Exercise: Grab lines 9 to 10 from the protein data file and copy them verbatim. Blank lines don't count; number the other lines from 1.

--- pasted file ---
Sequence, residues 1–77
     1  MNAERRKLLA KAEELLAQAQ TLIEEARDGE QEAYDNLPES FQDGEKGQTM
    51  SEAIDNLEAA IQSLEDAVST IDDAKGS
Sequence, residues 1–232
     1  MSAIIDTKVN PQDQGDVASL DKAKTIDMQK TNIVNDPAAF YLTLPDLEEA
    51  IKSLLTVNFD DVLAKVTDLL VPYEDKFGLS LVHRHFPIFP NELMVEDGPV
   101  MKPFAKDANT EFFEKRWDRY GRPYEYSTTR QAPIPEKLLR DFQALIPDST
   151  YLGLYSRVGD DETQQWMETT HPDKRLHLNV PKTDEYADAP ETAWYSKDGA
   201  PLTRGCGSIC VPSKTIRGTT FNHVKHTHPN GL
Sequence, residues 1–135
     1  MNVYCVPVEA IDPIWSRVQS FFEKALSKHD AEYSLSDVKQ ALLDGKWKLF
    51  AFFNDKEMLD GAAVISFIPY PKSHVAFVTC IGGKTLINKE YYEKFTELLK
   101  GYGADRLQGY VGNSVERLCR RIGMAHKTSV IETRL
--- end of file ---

   201  PLTRGCGSIC VPSKTIRGTT FNHVKHTHPN GL
Sequence, residues 1–135